In the decades following World War II, the city of Charlotte, North Carolina, underwent unprecedented economic growth and social change. This website is a gateway to the documentation of this history through the digitization of the rich collections in the J. Murrey Atkins Library Department of Special Collections, the University of North Carolina at Charlotte, and those of partners including the Robinson-Spangler Carolina Room of the Charlotte Mecklenburg Library and the Inez Moore Parker Archives at Johnson C. Smith University. This project was made possible by funding from the federal Institute of Museum and Library Services under the provisions of the Library Services and Technology Act as administered by the State Library of North Carolina, a division of the Department of Cultural Resources.
The North Carolina Digital Collections contain over 90,000 historic and recent photographs, state government publications, manuscripts, and other resources on topics related to North Carolina. The Collections are free and full-text searchable, and bring together content from the State Archives of North Carolina and the State Library of North Carolina.
The North Carolina Veterans Oral History Collection is composed of more than 1,100 interviews. Since 1996 the Military Collection at the State Archives of North Carolina has conducted them as part of the North Carolina Veterans Oral History Program. The purpose of the program is to document and provide access to the memories and experiences of military servicemen and servicewomen from the state of North Carolina, and preserve them for future scholarship. The interviews included in this online collection have been conducted since 2015, and are in audio format for streaming-only listening through the State Archives’ Internet Archive collection; links to these interviews are also provided through the North Carolina Digital Collections. Interviews will be made accessible through digital audio and text-based interview summaries over the coming years. Interviews are conducted by the Military Collection Archivist and program volunteers.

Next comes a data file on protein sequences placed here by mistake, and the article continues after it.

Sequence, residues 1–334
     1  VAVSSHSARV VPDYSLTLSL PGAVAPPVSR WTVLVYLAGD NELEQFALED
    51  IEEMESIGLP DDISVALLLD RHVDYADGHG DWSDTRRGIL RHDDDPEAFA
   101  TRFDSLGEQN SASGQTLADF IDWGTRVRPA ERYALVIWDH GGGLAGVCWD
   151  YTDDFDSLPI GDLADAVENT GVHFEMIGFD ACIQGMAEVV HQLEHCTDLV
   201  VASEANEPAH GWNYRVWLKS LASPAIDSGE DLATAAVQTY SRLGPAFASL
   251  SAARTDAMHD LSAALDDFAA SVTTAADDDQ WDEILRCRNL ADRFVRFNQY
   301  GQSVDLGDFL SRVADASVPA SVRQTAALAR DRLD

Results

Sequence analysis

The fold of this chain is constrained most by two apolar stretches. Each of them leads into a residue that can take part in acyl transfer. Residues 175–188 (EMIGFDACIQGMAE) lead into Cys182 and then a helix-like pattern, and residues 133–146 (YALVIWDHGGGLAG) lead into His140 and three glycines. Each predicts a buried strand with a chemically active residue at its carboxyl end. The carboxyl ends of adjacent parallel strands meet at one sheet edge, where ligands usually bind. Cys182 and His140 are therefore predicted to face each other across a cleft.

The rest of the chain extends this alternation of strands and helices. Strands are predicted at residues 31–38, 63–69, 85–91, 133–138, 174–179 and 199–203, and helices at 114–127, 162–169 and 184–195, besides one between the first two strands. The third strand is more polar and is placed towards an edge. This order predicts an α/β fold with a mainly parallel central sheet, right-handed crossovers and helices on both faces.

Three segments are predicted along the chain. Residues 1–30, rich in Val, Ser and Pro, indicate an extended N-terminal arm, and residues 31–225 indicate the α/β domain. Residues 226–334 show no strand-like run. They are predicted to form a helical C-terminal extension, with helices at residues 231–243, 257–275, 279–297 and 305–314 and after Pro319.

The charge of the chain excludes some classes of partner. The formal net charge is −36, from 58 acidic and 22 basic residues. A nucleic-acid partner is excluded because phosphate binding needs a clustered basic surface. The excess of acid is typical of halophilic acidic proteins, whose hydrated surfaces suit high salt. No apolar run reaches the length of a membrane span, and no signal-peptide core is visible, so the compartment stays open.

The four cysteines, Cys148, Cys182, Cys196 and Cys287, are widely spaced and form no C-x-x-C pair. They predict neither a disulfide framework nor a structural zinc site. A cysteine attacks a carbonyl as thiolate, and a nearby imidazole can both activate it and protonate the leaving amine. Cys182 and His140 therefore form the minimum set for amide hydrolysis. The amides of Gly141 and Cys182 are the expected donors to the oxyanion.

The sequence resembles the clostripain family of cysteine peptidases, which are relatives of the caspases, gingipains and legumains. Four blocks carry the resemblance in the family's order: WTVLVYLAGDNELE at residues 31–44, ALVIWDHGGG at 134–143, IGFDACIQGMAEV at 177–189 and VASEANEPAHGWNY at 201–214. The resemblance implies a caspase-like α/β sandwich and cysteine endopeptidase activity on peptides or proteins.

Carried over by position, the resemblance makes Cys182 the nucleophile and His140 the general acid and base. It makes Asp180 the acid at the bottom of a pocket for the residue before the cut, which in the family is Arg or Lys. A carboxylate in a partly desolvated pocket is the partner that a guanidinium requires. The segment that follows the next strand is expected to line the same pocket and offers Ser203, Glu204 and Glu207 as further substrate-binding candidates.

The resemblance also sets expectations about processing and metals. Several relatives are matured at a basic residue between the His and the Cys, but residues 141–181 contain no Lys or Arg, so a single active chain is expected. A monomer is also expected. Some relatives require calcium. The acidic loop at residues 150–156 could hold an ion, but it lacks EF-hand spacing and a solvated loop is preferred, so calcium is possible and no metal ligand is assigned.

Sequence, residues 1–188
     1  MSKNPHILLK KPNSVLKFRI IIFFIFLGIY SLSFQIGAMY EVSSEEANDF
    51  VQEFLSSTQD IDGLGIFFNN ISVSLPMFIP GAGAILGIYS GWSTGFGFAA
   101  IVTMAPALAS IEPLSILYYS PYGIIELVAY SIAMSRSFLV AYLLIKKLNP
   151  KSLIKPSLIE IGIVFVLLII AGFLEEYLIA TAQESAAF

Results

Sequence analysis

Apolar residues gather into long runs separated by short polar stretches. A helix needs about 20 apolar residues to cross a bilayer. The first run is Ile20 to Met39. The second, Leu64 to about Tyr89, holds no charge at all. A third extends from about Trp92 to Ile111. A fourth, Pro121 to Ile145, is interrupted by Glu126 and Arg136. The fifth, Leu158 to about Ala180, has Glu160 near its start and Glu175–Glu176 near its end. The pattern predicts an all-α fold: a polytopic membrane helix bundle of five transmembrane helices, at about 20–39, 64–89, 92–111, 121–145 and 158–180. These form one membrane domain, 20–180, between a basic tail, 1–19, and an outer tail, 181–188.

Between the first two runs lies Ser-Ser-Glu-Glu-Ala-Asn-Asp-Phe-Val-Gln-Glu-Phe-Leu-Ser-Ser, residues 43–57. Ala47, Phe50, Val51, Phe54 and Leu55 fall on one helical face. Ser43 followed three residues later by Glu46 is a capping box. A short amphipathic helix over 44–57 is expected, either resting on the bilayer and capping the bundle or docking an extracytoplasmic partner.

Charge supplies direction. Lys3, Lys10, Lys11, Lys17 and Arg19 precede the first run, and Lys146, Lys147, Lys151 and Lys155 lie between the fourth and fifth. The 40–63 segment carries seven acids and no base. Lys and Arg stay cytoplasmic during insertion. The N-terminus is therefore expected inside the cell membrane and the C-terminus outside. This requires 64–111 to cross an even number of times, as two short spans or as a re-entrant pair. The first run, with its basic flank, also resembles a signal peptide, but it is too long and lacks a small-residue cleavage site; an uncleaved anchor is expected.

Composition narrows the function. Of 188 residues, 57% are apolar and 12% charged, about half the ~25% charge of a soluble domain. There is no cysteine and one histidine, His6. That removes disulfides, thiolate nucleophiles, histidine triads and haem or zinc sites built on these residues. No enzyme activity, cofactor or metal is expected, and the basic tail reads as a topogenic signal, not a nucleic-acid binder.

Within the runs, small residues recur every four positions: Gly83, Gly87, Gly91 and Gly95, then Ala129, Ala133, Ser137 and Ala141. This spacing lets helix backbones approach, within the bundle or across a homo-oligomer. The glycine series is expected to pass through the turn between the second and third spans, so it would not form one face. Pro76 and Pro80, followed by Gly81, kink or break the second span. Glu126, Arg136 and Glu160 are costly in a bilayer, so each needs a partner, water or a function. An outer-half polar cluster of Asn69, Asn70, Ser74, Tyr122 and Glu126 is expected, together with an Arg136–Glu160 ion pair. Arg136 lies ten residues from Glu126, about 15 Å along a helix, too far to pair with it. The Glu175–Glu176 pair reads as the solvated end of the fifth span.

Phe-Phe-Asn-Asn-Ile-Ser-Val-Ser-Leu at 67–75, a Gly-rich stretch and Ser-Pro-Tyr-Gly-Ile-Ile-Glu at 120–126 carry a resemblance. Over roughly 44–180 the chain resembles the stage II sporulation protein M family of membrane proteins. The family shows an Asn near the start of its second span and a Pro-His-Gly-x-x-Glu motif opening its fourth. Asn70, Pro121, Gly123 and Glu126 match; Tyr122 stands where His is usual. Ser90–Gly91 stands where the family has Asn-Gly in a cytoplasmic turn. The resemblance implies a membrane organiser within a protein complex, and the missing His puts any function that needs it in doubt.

This collection contains 500 digitized oral history interviews from the Southern Oral History Program (SOHP). Sub-collections include: Charlotte; Civil Rights; Environmental Transformations; Piedmont Industrializations; Southern Politics; and Southern Women.
These collections of oral history interviews are from the holdings of the Department of Special Collections at J. Murrey Atkins Library, UNC Charlotte. The interviews, conducted by UNC Charlotte faculty, students and staff as well as several community organizations, document the history, life, and culture of the Charlotte region from a range of perspectives. Featured here are the oral history recordings selected for digitization as part of the project Living Charlotte: The Postwar Development of a New South City, which documents many social aspects of postwar Charlotte, including the eras of segregation and desegregation in education, civil rights activism, and other topics.
This collection features letters, sermons, plantation ledgers, and class notebooks from nineteenth century Davidson College trustees. These records were digitized with help from the Justice, Equality, Community grant from the Andrew W. Mellon Foundation.